If you have followed us for some time, you will already know we love Old World, a 4X game developed by Mohawk Games (who you might know from games such as Offworld Trading Company). With Old World being released in Early Access last year, we played many hours of the game. However, July saw the official release, so here is a full-fledged review of the game!
The 4X – narrative strategy hybrid
I’d like to describe Old World as a hybrid between a 4X and a narrative-driven strategy like Crusader Kings, set in ancient times, where you play as either Rome, Babylon, Carthage, Egypt, Assyria, Persia or Greece. It takes the 4X elements, such as city management, tile improvements and exploration of the lands, from famous 4X’s as Civilization. That isn’t surprising as Soren Johnson, who worked on Civ III and Civ IV, is the Design Director for Mohawk Games. Old World expands on the normal 4X experience with narrative events, families and personal development, like you’d see in Crusader Kings. Instead of playing one ruler like in Civ, you now play as a dynasty.
Each of your dynastical rulers can have a different playstyle. For example, you can play as a hardened warrior-general, who rules his lands with an iron fist. But his heir can be the most compassionate diplomat the world has ever seen. This certainly mixes up the playstyle. Aside from all the exploring, expanding, exploiting and exterminating, you now also got to worry about your heirs doing stupid things and families fighting over influence. This all seems like a big nuisance, but it is actually what makes Old World such a good game. It takes the strengths of both worlds, and develops that into a wonderful game. The fact that you are not only drawn into the game by expanding your empire but also by a narrative makes the hours fly by as you play.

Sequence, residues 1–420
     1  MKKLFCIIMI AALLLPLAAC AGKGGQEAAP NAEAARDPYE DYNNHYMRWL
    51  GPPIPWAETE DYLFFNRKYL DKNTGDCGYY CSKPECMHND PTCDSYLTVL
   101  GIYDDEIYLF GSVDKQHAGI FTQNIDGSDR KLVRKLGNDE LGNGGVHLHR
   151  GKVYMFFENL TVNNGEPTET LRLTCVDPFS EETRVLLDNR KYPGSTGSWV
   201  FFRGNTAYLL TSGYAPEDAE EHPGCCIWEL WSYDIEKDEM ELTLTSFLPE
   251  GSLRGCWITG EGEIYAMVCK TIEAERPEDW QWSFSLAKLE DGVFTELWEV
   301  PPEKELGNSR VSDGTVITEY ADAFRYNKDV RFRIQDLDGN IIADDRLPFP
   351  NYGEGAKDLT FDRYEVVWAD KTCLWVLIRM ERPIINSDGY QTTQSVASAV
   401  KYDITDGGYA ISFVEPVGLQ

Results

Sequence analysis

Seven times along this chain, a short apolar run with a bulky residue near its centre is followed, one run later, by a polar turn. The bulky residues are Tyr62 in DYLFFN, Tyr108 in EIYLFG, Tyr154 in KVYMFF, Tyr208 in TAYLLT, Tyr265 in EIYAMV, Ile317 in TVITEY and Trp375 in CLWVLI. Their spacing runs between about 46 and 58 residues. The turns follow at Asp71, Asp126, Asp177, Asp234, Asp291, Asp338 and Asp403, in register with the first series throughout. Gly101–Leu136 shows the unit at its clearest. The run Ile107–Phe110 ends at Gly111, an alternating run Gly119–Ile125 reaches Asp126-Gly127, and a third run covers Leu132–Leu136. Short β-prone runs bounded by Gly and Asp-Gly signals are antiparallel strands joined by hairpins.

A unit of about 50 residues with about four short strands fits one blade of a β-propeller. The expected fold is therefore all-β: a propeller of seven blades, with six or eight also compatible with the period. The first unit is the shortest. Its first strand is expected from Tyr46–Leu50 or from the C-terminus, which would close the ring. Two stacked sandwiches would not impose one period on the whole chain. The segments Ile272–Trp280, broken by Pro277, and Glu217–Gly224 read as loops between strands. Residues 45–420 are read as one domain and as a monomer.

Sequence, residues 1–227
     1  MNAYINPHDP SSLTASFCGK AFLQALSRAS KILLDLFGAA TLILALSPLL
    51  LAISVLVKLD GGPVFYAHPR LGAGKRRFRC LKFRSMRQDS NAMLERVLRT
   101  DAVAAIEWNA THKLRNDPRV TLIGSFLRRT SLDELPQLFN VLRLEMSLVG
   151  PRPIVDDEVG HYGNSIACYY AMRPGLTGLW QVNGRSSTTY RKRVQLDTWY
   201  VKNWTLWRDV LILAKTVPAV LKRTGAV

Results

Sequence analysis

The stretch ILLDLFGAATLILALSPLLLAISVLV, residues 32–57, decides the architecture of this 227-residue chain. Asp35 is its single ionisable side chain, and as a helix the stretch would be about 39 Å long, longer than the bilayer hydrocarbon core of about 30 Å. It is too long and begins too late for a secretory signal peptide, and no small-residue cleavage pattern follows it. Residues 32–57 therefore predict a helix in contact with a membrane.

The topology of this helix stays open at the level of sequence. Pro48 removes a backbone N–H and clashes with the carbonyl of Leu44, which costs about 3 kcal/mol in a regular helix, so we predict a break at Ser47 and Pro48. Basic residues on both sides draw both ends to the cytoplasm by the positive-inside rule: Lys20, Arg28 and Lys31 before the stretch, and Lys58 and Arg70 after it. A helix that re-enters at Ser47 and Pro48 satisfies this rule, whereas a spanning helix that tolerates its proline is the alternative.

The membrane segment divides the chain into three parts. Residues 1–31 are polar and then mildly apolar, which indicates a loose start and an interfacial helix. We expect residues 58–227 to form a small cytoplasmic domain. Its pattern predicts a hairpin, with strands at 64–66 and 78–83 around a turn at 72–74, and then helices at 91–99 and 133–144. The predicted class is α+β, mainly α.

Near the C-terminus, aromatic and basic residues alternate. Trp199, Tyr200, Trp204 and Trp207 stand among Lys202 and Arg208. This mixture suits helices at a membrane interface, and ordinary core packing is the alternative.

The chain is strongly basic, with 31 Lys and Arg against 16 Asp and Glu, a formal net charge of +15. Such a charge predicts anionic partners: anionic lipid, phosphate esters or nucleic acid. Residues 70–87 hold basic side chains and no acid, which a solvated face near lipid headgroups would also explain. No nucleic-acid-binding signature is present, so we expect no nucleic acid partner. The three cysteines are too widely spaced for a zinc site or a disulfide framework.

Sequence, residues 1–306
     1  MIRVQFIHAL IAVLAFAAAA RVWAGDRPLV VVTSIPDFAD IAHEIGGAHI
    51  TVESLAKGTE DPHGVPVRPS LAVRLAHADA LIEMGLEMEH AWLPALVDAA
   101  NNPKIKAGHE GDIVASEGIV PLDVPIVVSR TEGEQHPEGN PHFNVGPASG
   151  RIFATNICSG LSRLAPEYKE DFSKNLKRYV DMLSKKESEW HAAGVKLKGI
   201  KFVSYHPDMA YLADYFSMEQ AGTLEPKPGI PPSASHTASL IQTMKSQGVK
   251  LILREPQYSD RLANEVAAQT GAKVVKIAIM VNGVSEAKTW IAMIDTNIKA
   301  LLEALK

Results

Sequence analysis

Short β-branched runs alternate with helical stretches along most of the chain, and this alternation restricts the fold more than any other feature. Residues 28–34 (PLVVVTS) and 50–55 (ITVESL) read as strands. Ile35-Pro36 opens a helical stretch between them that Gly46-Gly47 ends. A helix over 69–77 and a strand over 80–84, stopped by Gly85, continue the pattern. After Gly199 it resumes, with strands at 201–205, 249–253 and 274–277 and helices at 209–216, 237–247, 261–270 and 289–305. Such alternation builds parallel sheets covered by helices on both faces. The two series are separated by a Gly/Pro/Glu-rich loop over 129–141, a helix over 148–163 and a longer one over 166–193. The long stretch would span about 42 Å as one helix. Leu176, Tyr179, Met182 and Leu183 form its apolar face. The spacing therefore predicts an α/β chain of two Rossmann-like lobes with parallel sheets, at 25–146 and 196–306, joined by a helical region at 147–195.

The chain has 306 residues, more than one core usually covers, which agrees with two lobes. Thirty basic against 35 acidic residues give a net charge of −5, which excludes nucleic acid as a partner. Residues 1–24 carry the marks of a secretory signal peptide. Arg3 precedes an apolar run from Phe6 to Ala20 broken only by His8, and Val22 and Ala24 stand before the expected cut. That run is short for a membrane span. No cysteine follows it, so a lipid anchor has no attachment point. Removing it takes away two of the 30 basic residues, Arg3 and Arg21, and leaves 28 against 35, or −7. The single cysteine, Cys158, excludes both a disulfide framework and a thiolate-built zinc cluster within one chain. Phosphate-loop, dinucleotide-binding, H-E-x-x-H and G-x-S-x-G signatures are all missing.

Making Barbarians into people
Another thing which makes Old World such a unique game is its take on the ‘non-civilized’ people of the ancient world. Besides the seven playable nations, many other people inhabited the regions of the Middle East and the Meditteranean. Take the Gauls, Lybians and the Numidians for example. Many 4X games would make these peoples into ruthless barbarians, without a culture or a homeland. Old World takes another approach and adds these cultures and peoples as tribes. They are no barbarians, although they do raid from time to time, but real diplomatic units you can declare war on, but also alliance with. It wasn’t uncommon for larger nations to ally with smaller tribes, as Hannibal did with the Gauls during his invasion of Rome.
Besides these tribes, the game also has some barbarians who cannot be reasoned with: they will attack. Old World has an amazing scenario made around barbarians, where it’s basically you against a horde of barbarians. And when I say horde, I mean horde. Prepare for 50+ barbarian horsemen. Aside from this silly scenario, Old World also provides some real cool historical scenarios (or will in the future). The first one is centered around Carthage. Split up into four different games, you will play from the start, through the rise and the eventual conflict with the Romans towards the downfall of the Carthaginian Empire. You’ll learn about the struggles the Carthaginians went through and how hard it is to march an army with elephants over the Alps.
Old World isn’t only innovative in its takes on ‘non-civilized’ people and the awesome mix of 4X and narrative, but also on how it approaches government. Like many 4X, Old World employs a system where you’re limited in what you can do in a turn. But instead of limiting all the units individually (like Civ), Old World limits your entire empire. You have a limited number of orders each turn. With orders, you can command your military around and your workforce. Although you can expand the number of orders you gain each turn, you are often limited by them and cannot do everything you want to do each turn. It would not be the first time my workers are just standing there doing nothing because I’m fighting a war and use up all my orders to move and attack.